Unfortunately, though, the Eastern family structure is also gradually deteriorating. We too are abandoning traditions that have been handed down to us for thousands of years. We have thrown away our traditional clothing, our food, and our family structure. The number of senior citizens living alone in Korea is on the rise. Each time I see stories in the news of senior citizens alone, it makes me sad. The family is where generations live together. If family members are scattered and the parents are left alone, then that is no longer a family. The extended family system is a beautiful Korean tradition.
I recommend that three generations live together as family. This is not simply because it is a way of maintaining our country's tradition. When a husband and wife have a child, they pass on all they can to that child. There is a limit, however, to how much the parents can pass on. The parents represent the present and the children the future. The grandparents represent the past. So it is only when the grandparents, parents, and children live together that the children can inherit all the fortune of the past and present. To love and respect your grandfather is to inherit the history of the past and to learn from the world of the past. The children learn precious wisdom from their parents on how to live in the present, while the parents prepare for the future by loving their children.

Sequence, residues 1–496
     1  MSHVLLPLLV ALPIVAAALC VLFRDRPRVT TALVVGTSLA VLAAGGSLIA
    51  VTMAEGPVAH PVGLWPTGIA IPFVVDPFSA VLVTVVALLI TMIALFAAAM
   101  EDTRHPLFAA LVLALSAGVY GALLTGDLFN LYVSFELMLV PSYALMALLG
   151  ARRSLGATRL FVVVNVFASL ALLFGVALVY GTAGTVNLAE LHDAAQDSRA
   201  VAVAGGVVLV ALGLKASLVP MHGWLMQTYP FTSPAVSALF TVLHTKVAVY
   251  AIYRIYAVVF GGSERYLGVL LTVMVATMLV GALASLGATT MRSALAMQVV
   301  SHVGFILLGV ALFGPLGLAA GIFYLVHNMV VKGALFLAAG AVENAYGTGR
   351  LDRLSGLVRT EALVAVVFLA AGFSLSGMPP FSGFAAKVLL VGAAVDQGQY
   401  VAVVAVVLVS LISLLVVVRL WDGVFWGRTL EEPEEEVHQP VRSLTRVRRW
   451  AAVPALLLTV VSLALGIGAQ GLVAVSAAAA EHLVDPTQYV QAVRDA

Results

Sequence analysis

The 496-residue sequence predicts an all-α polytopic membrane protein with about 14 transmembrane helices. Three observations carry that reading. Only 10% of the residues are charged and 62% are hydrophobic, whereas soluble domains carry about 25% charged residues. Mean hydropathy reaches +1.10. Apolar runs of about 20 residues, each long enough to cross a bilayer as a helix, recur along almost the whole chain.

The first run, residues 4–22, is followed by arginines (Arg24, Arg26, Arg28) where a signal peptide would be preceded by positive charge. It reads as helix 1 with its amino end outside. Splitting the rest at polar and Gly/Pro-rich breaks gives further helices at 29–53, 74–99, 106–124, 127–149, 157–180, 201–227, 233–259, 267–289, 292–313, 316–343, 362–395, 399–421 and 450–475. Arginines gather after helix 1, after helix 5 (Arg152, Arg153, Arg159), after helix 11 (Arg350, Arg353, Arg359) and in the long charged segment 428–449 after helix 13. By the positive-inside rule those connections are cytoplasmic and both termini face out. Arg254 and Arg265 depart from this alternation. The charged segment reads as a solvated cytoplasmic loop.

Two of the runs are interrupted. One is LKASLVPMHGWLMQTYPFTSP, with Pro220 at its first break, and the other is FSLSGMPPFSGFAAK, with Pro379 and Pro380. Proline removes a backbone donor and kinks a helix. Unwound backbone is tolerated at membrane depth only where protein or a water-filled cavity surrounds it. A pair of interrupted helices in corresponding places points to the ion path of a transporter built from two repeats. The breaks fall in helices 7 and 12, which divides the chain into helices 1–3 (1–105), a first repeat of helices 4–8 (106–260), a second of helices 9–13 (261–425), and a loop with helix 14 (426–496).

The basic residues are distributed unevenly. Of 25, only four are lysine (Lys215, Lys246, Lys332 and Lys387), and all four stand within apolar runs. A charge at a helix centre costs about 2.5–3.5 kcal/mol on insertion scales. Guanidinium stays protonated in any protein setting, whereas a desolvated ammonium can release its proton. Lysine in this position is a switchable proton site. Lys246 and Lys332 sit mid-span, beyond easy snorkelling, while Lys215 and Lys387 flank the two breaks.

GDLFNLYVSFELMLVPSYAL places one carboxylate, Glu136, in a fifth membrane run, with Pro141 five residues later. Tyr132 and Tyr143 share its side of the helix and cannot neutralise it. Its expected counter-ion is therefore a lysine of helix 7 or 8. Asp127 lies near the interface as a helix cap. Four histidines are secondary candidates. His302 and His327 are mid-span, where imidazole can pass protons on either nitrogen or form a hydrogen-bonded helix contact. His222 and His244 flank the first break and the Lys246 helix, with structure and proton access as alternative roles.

The grandparents are in a position to represent God. No matter how intelligent a young man may be, he cannot know all the secrets of this big world. Young people cannot know all the different secrets of life that come to us as we grow older. This is the reason the grandfather represents the history of the family. The grandfather is a precious teacher who passes on to the grandchildren all the wisdom he has acquired through the experiences he has accumulated during the course of his life.
The world's oldest grandfather is God. So a life of receiving the grandfather's love and of living for the sake of the grandfather is a life of coming to understand God's love and of living for His sake. We need to maintain such a tradition in order to open the secret storehouse of God's Kingdom and receive His treasure of love. Any country that ignores its old people abandons its national character and ignores its roots. When autumn comes, the chestnut tree gradually loses its moisture, and its leaves begin to fall. The outer shell of the chestnut falls off, and even the inner shell that surrounds the actual nut dries up. this is the cycle of life. Human beings are the same way. We are born as infants, grow up on the love of our parents, meet a wonderful partner, and get married. All this occurs in the chain of life made up of love. In the end, we become like chestnuts becoming dry in the autumn. Old people are not a separate category of people. We all become old. We must not treat old people disrespectfully, no matter how senile they may become.
There is a saying, "Anything can be accomplished when there is harmony in the home." When there is peace in the family, everything goes well. The peaceful family is the building block of the Kingdom of Heaven. The family operates on the power of love. If we love the universe as we love our families, then there is nothing to stop us from going anywhere we want. God exists in the center of love, as the Parent of the entire universe. That is why thelove in the family needs to link directly to God.When the family is completed in love, the universe will be completed.